Flowering bulbs have an important advantage over regular plants: they can store energy from one growing season to the next. When a bulb starts to grow, it uses these stored reserves to develop roots, shoots, leaves and flowers. Being so self-sufficient means that flower bulbs don’t have to wait for perfect weather or ideal soil conditions. By nature, they already have what they need to thrive.
BULBS ARE EASY
Flower bulbs are perfectly packaged for easy planting. Just dig a hole and drop in the bulb. Most bulbs aren’t very particular about where they are planted. They will grow as well in pots and containers, as they do in flower gardens, beneath trees and shrubs, and in woodlands, meadows and even lawns. Planting flower bulbs doesn’t require any special knowledge or experience. Simply plant the bulbs and wait for the flowers.
BULBS ARE BOLD
Nothing says spring like a field of naturalized daffodils or a flower bed of brightly colored tulips. Spring-blooming bulbs always put on a great show, brightening grey days with their vivid, paint-box colors. Summer-blooming bulbs produce some of the world’s biggest and most spectacular flowers. An Oriental-Trumpet lily can grow 7-feet tall and have 20 or more fragrant blossoms per stem; a single dahlia will generate armloads of flowers month after month. In winter, amaryllis bulbs need nothing more than water and a little sunshine to produce huge, brilliantly-colored blossoms.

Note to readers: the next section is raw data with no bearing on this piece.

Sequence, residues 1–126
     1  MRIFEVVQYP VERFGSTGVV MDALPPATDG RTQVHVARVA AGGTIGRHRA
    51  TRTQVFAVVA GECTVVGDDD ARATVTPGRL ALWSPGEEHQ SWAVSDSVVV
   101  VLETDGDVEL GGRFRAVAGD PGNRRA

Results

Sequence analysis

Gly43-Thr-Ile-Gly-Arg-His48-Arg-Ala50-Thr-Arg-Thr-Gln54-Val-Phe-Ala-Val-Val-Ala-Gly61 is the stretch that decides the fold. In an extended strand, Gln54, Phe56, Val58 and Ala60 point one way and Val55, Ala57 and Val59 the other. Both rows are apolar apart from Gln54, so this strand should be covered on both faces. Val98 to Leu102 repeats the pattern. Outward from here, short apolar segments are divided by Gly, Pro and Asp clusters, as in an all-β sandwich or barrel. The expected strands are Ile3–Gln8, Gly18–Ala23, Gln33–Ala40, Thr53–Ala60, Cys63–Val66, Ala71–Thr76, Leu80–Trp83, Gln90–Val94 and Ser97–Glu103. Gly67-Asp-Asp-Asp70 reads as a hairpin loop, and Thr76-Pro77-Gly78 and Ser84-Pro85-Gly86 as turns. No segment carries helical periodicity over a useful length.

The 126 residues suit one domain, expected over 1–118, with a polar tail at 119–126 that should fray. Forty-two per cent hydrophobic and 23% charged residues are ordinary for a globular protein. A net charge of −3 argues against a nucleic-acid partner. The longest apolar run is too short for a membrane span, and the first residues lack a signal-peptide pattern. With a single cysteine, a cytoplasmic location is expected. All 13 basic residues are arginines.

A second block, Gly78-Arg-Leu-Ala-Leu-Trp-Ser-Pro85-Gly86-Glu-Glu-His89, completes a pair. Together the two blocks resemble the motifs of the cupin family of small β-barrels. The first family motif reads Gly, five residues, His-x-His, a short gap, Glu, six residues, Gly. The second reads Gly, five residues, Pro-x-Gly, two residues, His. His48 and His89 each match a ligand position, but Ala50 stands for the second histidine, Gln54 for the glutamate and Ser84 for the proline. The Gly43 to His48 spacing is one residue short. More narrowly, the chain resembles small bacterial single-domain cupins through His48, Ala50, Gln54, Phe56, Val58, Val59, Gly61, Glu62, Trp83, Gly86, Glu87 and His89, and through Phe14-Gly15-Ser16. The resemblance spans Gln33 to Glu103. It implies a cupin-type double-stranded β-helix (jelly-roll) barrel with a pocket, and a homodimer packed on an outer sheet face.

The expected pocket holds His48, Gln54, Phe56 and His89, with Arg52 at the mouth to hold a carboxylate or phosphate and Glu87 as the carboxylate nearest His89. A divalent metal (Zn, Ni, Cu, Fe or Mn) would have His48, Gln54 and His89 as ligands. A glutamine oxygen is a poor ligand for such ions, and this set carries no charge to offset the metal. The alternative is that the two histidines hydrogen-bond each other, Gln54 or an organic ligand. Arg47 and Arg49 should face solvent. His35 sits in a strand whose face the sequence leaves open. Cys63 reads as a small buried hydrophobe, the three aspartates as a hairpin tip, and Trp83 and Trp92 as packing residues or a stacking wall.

BULBS ARE DEPENDABLE
Each type of flower bulb blooms at a particular time of year and has its own proper planting time. If you want to grow spring-blooming tulips, daffodils or alliums, the bulbs need to be planted in the fall for flowers the next spring. Summer-blooming bulbs, such as dahlias, calla lilies and gladiolas are planted in spring for flowers in summer and fall. Amaryllis and paperwhite bulbs are planted in early winter for indoor flowers in midwinter. Flowering bulbs can provide color, fragrance and beauty almost every month of the year.
PLANT THESE BULBS FOR SPRINGTIME FLOWERS
When most people think about “flower bulbs” they picture tulips, daffodils, hyacinths and crocus. These spring-blooming bulbs are loved the world over for their brilliant colors and weatherproof vigor. The earliest bulbs start flowering as the snow melts, and others follow in quick succession, providing months of color while most other plants are still waking up. Spring-blooming bulbs are planted in mid to late fall. Once they are in the ground, the bulbs will quickly develop roots before going to sleep until spring. Spring-flowering bulbs include:
PLANT THESE BULBS FOR FLOWERS IN SUMMER AND FALL
Bulbs such as dahlias, canna lilies and gladiolas are heat-loving, tropical plants that won’t tolerate freezing temperatures. Plant these bulbs in the spring, after all danger of frost has passed. Summer-blooming bulbs begin flowering in mid-summer and continue through fall, right until the first frost. They keep gardens and landscapes colorful long after other types of flowers have faded. Summer-flowering bulbs include:
PLANT THESE BULBS IN WINTER
When spring and summer bulbs have finished blooming, it’s time for winter-blooming bulbs such as amaryllis and paperwhites. Plant these bulbs indoors from November through March, and enjoy flowers 4 to 12 weeks later.
Flowering bulbs aim to please and they make it easy for gardeners to be successful. Simply choose the colors, styles and combinations you like, and enjoy an endless display of brilliant colors, attractive foliage and wonderful fragrances.